Diary of a Human Shield
American and Canadian peace activists report from Baghdad
Tuesday, March 25, 2003,
11:30 a.m. EST
This entry was written by Peggy Gish, 60, an organic farmer and conflict management consultant from Athens, Ohio. Her nonviolent activism extends from the civil rights movement of the 1960s through today. She has been in Iraq since October 2002.
As I write this two bombs exploded in the background. So far everyone in the team is safe. We have been shaken and feel a lot of grief about the continuous bombing of Baghdad. It has mostly been at night, but there is sporadic bombing during the day. In the horizon in most directions we see plumes of black smoke coming up from buildings burning. Yesterday there was a lot of black smoke from burning oil--that was hard on me physically. Today it isn't as bad.
Cars are still on the streets, and we have been able to get around in taxis. Yesterday many of us went to a hospital where wounded people are being taken. We went into the wards to talk with patients and their families and hear from physicians about their injuries. One was a 5-year-old girl with major spinal cord injuries from shelling; another was a 12-year-old boy who had a large cut in his abdomen from shrapnel, and his intestines were coming out. He and 11 other members of his family were injured by shrapnel while in their home two days ago and were hospitalized. Many others were awaiting or just coming out of surgery for removing shrapnel.
Right now we are waiting to be picked up to see the destruction at bombing sites. For the last three nights I have slept in a tent at the Al Wathba water treatment plant, which is next to a large hospital complex. We could not get approval to put the tents on hospital grounds. Most of the bombing has been more distant from our camp, but a couple have sounded about one-fourth or one-half mile from us. There is a shelter building nearby where we can go in if we are in danger.
I have appreciated being at the camp. The more out-of-doors setting with grass, trees, and birds has fed my spirit. People come talk with us, and we have developed relationships with workers and their families. We have visited the hospitals and people in the neighborhood, and we go elsewhere during the day. We are accompanying people and a neighborhood--not just institutions. Tonight I plan to sleep at the Al-Daar Hotel.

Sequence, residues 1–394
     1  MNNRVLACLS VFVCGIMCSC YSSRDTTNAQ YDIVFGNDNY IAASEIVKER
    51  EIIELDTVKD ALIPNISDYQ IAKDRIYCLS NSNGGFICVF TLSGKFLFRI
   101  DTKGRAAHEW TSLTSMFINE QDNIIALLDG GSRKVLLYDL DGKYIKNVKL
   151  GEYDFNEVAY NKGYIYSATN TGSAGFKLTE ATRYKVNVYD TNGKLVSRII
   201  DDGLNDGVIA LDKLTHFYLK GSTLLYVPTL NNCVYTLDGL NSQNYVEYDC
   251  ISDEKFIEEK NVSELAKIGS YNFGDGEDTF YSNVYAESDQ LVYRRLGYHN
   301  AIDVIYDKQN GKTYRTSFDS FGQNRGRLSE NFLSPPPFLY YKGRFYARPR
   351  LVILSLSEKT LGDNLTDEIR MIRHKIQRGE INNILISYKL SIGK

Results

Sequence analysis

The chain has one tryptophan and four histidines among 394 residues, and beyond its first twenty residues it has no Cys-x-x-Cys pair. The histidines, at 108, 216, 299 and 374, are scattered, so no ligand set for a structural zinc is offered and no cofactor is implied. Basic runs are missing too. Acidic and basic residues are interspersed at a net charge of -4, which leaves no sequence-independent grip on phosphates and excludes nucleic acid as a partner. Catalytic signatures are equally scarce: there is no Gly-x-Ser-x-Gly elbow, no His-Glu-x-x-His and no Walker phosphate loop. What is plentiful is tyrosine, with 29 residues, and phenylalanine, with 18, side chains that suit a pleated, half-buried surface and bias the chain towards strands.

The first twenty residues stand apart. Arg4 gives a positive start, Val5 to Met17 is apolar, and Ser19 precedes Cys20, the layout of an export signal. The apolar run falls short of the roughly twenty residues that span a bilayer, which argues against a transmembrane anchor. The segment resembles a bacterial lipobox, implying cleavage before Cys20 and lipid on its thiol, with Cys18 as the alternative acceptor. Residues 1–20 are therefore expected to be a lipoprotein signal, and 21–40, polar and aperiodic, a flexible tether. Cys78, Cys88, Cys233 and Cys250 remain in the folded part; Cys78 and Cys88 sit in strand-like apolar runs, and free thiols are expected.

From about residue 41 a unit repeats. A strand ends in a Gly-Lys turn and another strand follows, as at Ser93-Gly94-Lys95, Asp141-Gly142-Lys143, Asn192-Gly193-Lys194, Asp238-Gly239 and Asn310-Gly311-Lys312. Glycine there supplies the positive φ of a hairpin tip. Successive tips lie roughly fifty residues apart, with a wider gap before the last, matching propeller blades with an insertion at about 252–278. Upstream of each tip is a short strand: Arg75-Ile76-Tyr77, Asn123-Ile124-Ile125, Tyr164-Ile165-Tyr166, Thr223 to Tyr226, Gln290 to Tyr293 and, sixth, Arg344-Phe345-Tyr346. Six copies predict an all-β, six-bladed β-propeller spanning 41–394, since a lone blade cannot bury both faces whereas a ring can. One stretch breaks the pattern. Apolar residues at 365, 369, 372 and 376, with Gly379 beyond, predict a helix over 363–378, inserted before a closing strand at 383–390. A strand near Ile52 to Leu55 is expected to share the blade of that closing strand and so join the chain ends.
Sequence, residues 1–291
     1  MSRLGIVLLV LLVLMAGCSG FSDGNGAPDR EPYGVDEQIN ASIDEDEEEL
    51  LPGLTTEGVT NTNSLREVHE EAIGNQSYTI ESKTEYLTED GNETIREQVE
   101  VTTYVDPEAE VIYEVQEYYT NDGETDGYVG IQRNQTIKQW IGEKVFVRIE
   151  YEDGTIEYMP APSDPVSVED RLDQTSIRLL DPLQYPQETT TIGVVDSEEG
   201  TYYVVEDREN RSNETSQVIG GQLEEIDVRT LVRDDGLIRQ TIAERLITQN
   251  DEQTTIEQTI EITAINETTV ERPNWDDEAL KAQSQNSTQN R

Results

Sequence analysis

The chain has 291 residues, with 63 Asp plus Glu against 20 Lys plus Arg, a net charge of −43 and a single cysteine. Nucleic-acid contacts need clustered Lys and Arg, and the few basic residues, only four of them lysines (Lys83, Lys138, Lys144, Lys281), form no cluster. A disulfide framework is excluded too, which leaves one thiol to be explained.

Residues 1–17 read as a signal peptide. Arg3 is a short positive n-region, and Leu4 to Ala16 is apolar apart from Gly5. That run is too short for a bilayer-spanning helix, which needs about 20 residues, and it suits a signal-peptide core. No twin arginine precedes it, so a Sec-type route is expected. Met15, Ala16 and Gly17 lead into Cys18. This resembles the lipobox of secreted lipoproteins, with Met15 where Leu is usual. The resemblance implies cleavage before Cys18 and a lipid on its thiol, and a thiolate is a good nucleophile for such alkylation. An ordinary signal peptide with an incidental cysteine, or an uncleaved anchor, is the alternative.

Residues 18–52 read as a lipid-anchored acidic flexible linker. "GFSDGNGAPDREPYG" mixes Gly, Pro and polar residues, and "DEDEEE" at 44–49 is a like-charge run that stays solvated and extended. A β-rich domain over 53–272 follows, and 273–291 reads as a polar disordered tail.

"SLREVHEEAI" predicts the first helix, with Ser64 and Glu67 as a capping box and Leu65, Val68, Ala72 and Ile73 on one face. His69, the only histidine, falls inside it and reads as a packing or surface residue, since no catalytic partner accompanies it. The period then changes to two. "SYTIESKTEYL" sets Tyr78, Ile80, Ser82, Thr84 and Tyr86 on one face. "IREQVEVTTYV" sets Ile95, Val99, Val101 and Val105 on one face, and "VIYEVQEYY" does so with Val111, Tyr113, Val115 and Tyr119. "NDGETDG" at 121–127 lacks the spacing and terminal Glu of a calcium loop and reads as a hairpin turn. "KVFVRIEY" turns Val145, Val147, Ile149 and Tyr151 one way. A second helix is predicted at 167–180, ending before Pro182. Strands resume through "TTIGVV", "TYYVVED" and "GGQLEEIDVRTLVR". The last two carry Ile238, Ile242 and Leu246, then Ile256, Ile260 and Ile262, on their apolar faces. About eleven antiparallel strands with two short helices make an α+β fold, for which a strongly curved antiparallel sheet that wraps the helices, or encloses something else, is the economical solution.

I have been experiencing a mixture of fear, anger, but mostly grief about what is happening. There is no good reason for this assault on innocent people. I am impressed by their strength and courage and their graciousness to us.
We don't know from day to day what we will be able to do. Our "minders" have just started wanting to know where everyone is during the day, but we have been able to go to most places we want to go. Our situation could change anytime. We are discussing how we would deal with these possibilities, and also how we would respond to an invasion.
We pray that the countries of the world are still able to stop what is happening here. We need your prayers. We have been carried by God's love.
Monday, March 24, 2003,
12:30 a.m EST
This entry was written by CPT staffer Jane Pritchard in Toronto, based on phone conversations with the team in Baghdad.
The team reported from the Al-Daar Hotel that they had survived another night of heavy bombing from B-52 bombers. It felt like the bombs were bigger or perhaps closer, although they were not close enough to do damage in the immediate neighbourhood. The last bombs fell an hour earlier and some also fell twice during the previous day.
They had heard eight hours earlier from the team camped out at the Al Wathab Water Treatment Plant adjacent to Medical City. No bombs had fallen near this complex.
There is a lot of smoke over the city from both burning buildings and pits of burning oil. The blackness in the sky looks like an approaching storm, and it obscures the sun. Team members visited several wounded civilians at the Yarmouk Hospital downtown. People were injured when a nearby government building was bombed, resulting in wounds from shrapnel and flying glass and head injuries from pressure wave concussion.